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Luhrs Yachts for Sale


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41 Ft Luhrs 2006

41 Convertible

Money Shot

$229,000 USD

This nicely equipped 41' Luhrs is powered by Cummins 645 Hp.HO Diesels. The Luhrs Marine Group’s goals for its 41 Convertible were simple: The boat had to be built to accommodate the offshore angler, but she also needed enough creature comforts so that a fisherman could enjoy a weeklong cruise with his family. Everwear is also used in the U-shape galley, which is up and just forward of the lounge. It’s equipped with a three-burner cooktop, stainless steel convection/microwave oven, and coffee maker, but the neatest feature is the raised wooden handholds that envelop the standard Corian countertops. Luhrs borrowed this idea from the parent company’s line of Hunter sailboats. It prevents the need to put screws into the saloon overhead for handholds and keeps dishes from sliding around on the countertops. Not only does it look good, but it’s sturdy. With plenty of storage those longer trips will accommodate all your belongings. Ultraleather L-shape lounge in the saloon, just to starboard upon entering from the cockpit. The lounge stretches outboard under the side decks and, with the touch of a button, slides out into a berth for two. Rounding out the saloon, Luhrs opted for Everwear for the saloon sole. It’s a faux teak-and-holly laminate that seems durable, and whether you’re cruising with the kids or taking a bunch of guys out for a few days offshore, you’ll appreciate that.Recent upgradesGarmin 7212 (2015)Garmin radar 18" raydome (2015)Autopilot (2016)New a/c unit (1)New turbo, Bose surround sound, LED lights, Aftercoolers cleaned and resealed, Recent engine services.

 

Come Back Story

St. Augustine’s Luhrs Corp., which built sport fishing boats on 47 acres off the San Sebastian River until its 2008 bankruptcy, has announced that new investors plan to manufacture 25- to 50-foot boats again in St. Augustine within six months.

Roger Yarborough, who will manage the new line at St. Augustine Marine on Riberia Street, said Monday that the new company will be called MB Industries — after Chief Executive Officer Mario J.T. Benedetti, a Miami investor who bought the name and production rights — but the boats will continue to be labeled as Luhrs products.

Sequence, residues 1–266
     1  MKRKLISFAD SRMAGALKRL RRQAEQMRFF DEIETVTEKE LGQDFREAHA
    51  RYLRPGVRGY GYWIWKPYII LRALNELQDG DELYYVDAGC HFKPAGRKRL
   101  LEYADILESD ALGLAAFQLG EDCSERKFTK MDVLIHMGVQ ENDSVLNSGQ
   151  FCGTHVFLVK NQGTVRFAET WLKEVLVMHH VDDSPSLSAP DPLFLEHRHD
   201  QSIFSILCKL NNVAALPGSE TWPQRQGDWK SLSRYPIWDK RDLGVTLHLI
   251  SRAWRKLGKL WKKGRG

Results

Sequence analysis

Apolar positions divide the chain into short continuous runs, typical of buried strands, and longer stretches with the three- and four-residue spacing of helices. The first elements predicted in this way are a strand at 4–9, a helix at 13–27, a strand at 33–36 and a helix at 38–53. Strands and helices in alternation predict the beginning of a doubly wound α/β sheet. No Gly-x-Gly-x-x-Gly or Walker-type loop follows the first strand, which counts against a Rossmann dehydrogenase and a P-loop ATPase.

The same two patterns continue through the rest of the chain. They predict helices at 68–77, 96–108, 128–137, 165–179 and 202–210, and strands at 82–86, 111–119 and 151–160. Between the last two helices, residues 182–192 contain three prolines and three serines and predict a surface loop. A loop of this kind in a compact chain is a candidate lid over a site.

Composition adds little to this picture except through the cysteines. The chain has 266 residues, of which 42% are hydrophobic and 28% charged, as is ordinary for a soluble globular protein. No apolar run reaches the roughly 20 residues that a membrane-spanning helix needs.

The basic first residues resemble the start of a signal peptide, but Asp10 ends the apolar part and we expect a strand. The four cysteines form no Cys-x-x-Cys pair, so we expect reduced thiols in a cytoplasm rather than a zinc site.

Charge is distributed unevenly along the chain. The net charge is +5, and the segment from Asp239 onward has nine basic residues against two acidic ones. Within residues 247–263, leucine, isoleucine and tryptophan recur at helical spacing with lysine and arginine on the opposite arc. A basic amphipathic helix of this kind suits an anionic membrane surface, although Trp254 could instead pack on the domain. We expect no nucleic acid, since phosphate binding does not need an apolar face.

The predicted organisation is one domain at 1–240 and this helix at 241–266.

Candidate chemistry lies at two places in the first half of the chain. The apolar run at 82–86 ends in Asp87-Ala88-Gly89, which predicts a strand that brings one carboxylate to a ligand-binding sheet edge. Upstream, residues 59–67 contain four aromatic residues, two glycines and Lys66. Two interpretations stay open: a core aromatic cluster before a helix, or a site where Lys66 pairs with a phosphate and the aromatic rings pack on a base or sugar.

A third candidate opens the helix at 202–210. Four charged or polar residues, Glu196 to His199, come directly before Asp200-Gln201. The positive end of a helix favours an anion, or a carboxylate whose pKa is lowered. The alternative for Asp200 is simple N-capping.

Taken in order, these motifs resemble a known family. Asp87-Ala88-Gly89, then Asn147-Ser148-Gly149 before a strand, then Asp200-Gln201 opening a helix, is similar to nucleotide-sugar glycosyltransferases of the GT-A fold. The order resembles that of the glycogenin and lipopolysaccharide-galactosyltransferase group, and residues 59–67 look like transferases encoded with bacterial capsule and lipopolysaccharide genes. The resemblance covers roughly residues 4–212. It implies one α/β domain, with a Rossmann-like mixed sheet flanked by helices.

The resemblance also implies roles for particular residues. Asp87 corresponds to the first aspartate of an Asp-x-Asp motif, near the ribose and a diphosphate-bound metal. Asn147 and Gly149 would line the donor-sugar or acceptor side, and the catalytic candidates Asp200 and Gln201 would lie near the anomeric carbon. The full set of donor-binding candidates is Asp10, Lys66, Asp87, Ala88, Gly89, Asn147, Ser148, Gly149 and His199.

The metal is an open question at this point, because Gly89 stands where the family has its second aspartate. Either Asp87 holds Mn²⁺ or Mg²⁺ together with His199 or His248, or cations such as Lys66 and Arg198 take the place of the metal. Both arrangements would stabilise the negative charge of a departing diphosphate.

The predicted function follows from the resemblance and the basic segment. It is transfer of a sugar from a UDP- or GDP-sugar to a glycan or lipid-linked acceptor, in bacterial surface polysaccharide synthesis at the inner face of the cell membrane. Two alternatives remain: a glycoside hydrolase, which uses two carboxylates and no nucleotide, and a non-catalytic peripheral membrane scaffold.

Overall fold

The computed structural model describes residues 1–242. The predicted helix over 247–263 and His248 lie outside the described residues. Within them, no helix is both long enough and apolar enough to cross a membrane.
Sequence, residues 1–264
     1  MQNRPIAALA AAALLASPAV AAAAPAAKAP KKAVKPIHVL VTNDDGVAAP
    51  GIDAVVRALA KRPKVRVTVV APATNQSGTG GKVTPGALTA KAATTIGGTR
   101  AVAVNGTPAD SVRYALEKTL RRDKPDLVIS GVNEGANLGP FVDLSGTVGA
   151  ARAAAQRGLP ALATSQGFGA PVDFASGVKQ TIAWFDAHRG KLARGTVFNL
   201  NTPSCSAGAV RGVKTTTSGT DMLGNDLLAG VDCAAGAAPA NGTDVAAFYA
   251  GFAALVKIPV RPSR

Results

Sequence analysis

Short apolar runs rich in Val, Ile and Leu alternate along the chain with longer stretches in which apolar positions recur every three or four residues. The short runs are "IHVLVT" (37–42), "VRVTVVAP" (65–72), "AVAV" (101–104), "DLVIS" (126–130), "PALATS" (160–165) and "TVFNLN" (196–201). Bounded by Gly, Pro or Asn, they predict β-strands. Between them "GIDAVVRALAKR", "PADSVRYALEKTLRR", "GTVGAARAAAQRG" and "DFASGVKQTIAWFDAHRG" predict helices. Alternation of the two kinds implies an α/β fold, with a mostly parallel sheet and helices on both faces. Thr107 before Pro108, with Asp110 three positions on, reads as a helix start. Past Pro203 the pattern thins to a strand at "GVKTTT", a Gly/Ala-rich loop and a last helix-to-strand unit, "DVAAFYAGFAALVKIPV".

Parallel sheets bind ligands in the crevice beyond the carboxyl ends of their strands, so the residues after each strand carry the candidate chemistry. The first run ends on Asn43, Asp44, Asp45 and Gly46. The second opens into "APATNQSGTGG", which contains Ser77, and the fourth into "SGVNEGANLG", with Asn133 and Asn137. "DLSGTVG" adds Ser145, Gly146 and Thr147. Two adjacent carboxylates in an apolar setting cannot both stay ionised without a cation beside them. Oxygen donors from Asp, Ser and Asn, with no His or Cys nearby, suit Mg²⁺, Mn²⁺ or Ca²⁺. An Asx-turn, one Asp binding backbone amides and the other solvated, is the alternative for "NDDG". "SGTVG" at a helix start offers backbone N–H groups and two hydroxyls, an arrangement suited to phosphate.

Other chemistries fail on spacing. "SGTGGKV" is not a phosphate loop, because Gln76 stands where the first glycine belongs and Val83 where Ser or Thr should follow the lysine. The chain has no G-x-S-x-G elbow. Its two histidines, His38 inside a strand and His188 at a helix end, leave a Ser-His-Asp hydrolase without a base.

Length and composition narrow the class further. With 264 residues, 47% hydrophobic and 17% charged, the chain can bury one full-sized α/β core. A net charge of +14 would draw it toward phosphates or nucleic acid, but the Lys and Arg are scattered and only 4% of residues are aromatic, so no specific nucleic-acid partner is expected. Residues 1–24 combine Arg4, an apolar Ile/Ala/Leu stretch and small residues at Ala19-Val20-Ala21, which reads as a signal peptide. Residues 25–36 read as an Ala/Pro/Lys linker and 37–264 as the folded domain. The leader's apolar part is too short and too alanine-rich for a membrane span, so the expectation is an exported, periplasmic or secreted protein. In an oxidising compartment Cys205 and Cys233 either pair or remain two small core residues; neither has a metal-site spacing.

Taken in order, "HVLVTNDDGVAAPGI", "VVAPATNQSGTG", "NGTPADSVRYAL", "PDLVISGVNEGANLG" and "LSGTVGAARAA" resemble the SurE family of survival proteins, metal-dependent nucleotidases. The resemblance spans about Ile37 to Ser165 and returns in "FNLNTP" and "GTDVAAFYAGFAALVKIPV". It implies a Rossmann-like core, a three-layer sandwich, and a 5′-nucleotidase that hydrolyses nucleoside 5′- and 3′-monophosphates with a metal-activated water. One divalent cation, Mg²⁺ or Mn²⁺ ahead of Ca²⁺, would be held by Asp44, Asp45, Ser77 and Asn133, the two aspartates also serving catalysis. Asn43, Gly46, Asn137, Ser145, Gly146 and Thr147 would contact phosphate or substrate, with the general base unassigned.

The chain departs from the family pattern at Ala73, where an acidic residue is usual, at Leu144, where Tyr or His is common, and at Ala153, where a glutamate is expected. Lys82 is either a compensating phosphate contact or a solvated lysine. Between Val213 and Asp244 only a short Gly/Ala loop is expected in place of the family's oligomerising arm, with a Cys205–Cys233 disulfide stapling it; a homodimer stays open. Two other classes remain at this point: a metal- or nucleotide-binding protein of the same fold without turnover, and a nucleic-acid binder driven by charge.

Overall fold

Benedetti owns a Toyota dealership in Homestead and has operated a Toyota distributorship in Venezuela for years. At one time, the 60-year-old company employed more than 400 people at its sprawling plant. This time, many Luhrs boats will be made from the original molds, but there will be some prototypes built as well, Yarborough said.

“We can then build them as it naturally needs to be done,” he said. “We’ll be adding people. There are some people (who once worked on Luhrs boats) still here. We’ve also received a lot of calls from former dealers, wanting to come back.” He does not know yet how many workers he will hire for this plant. City Manager John Regan was the first to break the news locally, though the decision to come back to the city had been released previously at www.luhrs.com. “We have a 450-year boat building history in this community. It’s very exciting,” Regan said, adding that city officials will assist the company any way they can. I understand that at first there will be limited production demand.”

Luhrs’ St. Augustine plant, multiple buildings surrounded by overgrown brush, is shuttered while the property goes through bankruptcy proceedings. The usual reason given for Luhrs’ going under is the economy, but that suggests tough times where buyers tighten their belts and don’t buy boats.

Yarborough said that’s one reason, but another is that boat manufacturers distribute their boats to dealers with a provision to buy them back if they don’t sell. “When you have 100 boats (for sale at dealers) at $400,000 each, that means (if they don’t sell) the manufacturer must come up with millions of dollars,” he said.

Luhrs Corp. was once under the umbrella of the now-defunct Luhrs Marine Group, which had its headquarters and main manufacturing plant at Millville, N.J., and which declared bankruptcy in September 2007. It ceased operations in January 2008.

The other companies under Luhrs Marine were Silverton Marine Corp., Mainship Corp. and Hunter Marine Corp. All were sold in the bankruptcy filing. “Nobody bought any property. They just bought the company,” Yarborough said.

Hunter Marine, which manufactures sailboats, had been the only one that remained in business. Its new owner lives in Alachua, just north of Gainesville.

An investor group in New Jersey bought Silverton and another buyer bought Luhrs and Mainship. Benedetti bought the company from that person.

“St. Augustine Marine had made major modifications to his (Luhrs) boat,” Yarborough said. “He liked the boat and the company and wanted to bring it back to St. Augustine. He plans a major marketing campaign.”

The company’s announcement said that a group of “naval engineers, marine architects and entrepreneurs who are passionate about boats” plan to manufacture them “with the highest quality, craftsmanship and seaworthiness.”